When tackling health problems and health inequalities several causes of morbidity and mortality may be in focus, the most prominent being people's behaviour and their living conditions.
In Denmark the interventions are unequivocally on behaviour, and the government states that society has a responsibility towards ‘groups with few resources who need a helping hand in taking care of their health and making healthy choices’ (p. 27).6 The specific initiatives mentioned are recruitment and motivation of people with few resources to achieve behavioural changes, for instance by attending smoking cessation courses. The living conditions of people with few resources, such as the homeless, are obviously not considered a public health issue. In the 2002 programme the healthcare sector was given a prominent role in reducing health inequalities. Since vulnerable and distressed adults ‘have considerable contact with the social and healthcare services …[i]t is important that this contact be used to ensure early intervention’ (p. 72).5 The Danish strategy is a high-risk strategy; it could potentially become a neverending story as no efforts are directed towards preventing people from ending up in the few-resources category.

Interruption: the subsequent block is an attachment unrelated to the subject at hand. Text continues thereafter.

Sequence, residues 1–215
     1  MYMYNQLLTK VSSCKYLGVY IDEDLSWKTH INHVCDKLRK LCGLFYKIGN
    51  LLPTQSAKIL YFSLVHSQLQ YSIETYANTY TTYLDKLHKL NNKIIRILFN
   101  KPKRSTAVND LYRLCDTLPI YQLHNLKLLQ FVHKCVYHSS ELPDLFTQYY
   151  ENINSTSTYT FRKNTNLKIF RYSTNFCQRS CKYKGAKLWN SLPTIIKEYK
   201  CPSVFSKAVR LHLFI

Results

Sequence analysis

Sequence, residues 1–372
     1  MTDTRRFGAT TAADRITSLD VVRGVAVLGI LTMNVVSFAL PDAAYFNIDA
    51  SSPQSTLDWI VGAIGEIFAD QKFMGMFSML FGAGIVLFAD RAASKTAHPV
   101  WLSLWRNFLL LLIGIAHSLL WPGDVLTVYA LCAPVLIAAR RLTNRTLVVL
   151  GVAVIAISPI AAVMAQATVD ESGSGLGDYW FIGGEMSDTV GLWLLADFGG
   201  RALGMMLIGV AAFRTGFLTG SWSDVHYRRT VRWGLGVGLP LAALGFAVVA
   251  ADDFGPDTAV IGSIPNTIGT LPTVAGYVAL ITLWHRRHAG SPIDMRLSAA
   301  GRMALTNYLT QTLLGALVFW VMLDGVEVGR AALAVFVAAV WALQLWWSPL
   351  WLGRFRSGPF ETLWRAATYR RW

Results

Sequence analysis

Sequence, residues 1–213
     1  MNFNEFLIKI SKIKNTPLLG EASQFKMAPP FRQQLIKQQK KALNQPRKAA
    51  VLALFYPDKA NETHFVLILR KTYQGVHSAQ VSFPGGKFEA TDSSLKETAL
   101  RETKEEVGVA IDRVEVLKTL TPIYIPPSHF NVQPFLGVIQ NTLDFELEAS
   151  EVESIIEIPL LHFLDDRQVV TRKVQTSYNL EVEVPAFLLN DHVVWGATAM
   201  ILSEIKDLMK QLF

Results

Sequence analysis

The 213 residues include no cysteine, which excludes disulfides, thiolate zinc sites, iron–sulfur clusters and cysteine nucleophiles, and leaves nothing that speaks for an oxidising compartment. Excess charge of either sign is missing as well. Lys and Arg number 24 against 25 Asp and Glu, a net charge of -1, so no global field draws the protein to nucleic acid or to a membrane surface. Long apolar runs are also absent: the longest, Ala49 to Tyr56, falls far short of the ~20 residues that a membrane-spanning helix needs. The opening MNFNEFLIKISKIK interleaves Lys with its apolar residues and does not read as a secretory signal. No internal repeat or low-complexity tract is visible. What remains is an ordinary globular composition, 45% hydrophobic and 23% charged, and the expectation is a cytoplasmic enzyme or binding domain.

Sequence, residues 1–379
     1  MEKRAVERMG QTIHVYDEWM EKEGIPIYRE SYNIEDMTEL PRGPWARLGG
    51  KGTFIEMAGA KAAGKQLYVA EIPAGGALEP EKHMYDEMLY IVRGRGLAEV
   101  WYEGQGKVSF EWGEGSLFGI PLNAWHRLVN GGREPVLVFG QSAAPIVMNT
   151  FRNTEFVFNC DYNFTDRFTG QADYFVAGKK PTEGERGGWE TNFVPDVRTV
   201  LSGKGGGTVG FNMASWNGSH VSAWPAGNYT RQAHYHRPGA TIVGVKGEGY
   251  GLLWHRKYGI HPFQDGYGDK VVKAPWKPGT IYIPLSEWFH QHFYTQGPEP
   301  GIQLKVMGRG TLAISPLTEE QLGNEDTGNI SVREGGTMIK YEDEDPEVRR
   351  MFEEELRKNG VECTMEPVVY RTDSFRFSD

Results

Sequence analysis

The Swedish programme focuses on the excluded sections of the population and suggests a combination of interventions. Its ambitions are to reduce exclusion by improving employment and increasing the possibilities of participation, thereby improving health and thus addressing living conditions. The other type of intervention suggested in the programme aims at changing people's behaviour through information and empowering activities such as motivational interviewing. These are, however, not specifically targeted towards the excluded.
The Finnish programme calls for: ‘Social policy measures, income security and education, unemployment and housing’. It also wants to strengthen ‘prerequisites for healthy lifestyles: measures to promote healthy behaviour of the whole population with special attention to disadvantaged groups’ (p. 18).4 Thus, it contains a combination of interventions to change behaviour and living conditions. It also mentions the importance of improving access to, and use of, healthcare.